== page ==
For four months, Discovery Green and Avenida Houston will be dressed up with colorful and vibrant streamer sculptures. The sprawling artwork dominates many of the notable areas of the park. Arcade by The Color Condition, a duo of Texas-based artists, lives up to its name. On a recent weekday afternoon, the eye-catching colors captivated park goers. “It reminds me of Mexico,” said Leslye Flores, looking up at a canopy covered with hanging strands.
Funfetti desserts seem to be one of the biggest trends this summer. These brightly-colored, sugary treats have exploded on all types of cakes. Sprinkles have always been a fan favorite for a topping choice, but are currently making a huge comeback this summer, as they are being featured in many cakes all over town. These rainbow sprinkles especially make for great photos for social media. Funfetti is entertaining to make and delicious to eat.
Four lucky students from Horn Elementary, including (pictured, from left) Sam Lack, Ashley York, Audrey Hochglaube and Amelia Foley, went to Washington D.C. with fifth-grade teacher Liz Ueckert through Explore America tours. They were able to visit The White House, Smithsonian museums, Washington Monument and more. Be seen in Buzz About Town. Send your high-res photos and community news to firstname.lastname@example.org. Items are published on a space-available basis.
Muck Rack makes it simple to find people, tweets, or articles that mention any name, keyword, company, hashtag etc. We've compiled this guide to help you make the most of your search.
Selecting a term
Start searching tweets, articles from media outlets, articles mentioned in tweets, journalists'
names, titles and bios with some suggested searches:
Companies or Topics (e.g. iPhone, Microsoft)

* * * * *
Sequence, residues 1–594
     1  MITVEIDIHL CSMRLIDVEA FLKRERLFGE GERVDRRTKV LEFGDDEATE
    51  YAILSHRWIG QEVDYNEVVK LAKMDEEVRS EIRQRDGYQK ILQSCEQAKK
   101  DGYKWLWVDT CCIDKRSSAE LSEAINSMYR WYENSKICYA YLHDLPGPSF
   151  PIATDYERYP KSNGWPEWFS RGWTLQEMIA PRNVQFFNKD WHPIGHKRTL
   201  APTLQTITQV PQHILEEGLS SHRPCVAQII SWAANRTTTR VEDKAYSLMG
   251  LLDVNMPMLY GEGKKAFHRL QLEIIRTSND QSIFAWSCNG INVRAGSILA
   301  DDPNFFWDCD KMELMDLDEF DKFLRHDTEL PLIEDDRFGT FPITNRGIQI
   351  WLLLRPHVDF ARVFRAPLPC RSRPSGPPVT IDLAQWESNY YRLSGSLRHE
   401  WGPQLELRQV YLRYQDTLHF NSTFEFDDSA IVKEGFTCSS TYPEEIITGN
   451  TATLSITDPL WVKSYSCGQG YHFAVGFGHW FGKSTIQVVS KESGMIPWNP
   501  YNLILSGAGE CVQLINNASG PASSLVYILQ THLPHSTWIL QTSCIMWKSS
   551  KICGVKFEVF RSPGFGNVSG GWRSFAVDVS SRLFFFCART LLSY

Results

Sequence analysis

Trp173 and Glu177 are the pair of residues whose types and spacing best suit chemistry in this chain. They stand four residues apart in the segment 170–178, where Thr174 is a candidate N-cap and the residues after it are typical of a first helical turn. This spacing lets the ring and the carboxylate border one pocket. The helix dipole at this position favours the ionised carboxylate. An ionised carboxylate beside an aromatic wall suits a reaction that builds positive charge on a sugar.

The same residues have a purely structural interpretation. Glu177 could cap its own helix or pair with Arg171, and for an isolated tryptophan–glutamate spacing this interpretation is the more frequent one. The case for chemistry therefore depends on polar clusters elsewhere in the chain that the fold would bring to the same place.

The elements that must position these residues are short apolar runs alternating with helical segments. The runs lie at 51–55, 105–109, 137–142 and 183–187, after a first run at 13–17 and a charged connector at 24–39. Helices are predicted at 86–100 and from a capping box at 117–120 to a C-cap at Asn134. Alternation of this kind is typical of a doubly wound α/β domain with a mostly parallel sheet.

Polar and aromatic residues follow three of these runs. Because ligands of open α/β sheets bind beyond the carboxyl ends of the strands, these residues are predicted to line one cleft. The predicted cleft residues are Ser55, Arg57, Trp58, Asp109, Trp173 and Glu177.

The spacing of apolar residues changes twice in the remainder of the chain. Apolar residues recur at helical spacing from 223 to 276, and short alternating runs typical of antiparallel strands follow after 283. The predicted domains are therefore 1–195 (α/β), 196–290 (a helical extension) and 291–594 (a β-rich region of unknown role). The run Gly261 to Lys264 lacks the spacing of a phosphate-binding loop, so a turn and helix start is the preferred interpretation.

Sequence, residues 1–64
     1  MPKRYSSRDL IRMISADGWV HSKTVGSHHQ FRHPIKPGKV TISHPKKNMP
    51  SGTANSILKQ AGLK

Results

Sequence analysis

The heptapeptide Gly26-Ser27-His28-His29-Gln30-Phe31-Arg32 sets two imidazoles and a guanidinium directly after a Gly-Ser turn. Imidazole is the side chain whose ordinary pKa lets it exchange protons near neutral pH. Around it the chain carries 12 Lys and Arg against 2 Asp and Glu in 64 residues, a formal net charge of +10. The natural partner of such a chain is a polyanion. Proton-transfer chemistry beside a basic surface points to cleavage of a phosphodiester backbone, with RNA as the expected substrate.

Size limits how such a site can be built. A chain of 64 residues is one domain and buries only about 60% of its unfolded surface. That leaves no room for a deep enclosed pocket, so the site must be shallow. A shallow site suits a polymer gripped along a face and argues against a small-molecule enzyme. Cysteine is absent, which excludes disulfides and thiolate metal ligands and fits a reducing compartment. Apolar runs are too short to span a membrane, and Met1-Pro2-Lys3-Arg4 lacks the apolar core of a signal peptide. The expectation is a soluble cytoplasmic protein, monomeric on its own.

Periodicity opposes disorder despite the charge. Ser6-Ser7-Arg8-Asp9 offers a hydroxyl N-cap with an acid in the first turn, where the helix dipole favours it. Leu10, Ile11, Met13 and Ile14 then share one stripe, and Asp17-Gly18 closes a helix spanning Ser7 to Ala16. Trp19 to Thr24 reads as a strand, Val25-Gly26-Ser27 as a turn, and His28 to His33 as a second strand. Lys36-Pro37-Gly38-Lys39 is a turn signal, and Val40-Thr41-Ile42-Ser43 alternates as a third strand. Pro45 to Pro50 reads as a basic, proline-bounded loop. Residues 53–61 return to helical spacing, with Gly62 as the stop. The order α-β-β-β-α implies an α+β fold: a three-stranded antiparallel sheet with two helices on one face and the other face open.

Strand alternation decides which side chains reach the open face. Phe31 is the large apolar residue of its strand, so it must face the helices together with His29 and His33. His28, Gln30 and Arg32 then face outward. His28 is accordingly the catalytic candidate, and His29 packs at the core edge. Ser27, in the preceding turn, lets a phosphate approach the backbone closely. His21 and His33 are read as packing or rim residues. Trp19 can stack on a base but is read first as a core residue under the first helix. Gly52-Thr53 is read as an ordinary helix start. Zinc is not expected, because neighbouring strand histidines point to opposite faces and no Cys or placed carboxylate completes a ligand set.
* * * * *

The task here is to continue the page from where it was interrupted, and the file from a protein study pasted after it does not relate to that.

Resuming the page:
Phrases (e.g. "cloud computing") — use quotes to keep the terms together
Twitter handles (e.g. @username) — returns those who have mentioned or replied to
Names (e.g. "David Pogue")
Hashtags (e.g. #sxsw, #london2012)
Bio details (e.g. vegan, Olympics, father)
Muck Rack's Advanced Search allows for many boolean operators.
Find results that mention multiple specified terms, use AND or
+. For example, ensure each result contains both Elon Musk and Mark Zuckerberg by
searching Obama AND Romney or Obama + Romney.
Use the operators OR or , to broaden your search when you'd like either of
multiple terms to appear in results. (This is the default behavior of our search when no operators
are used.) For example, search for democrat OR republican to find results that refer to
Democrats and/or Republicans.
Use NOT or - to subtract results from your search. For
example, searching Disney will yield results about the Walt Disney Company as well as Walt Disney
World Resort. To exclude mentions of Disney World, search for Disney -World or Disney
When using one of these operators with a phrase, enclose it in quotation marks. For example, you can
find results about smartphones excluding Apple's iPhone 4S by searching smartphone -"iPhone
Exact case matching or punctuation
If you're searching for a brand name or keyword that relies on specific punctuation marks or capitalization, you can
find results that match your exact query by adding matchcase: before the keyword you're searching for, like matchcase:E*TRADE .
Use parentheses to separate multiple
boolean phrases. For example, to find journalists talking about having fun in Disney World or
Disneyland, search for ("disney world" OR disneyland) AND fun.
An asterisk can be used to search for any variation of a root word truncated by the asterisk. For example, searching for admin* will return results for administrator, administration, administer, administered, etc.
A near operator is an AND operator where you can control the distance between the words. You can vary the distance the near operation uses by adding a forward slash and number (between 0-99) such as strawberries NEAR/10 "whipped cream", which means the strawberries must exist within 10 words of "whipped cream".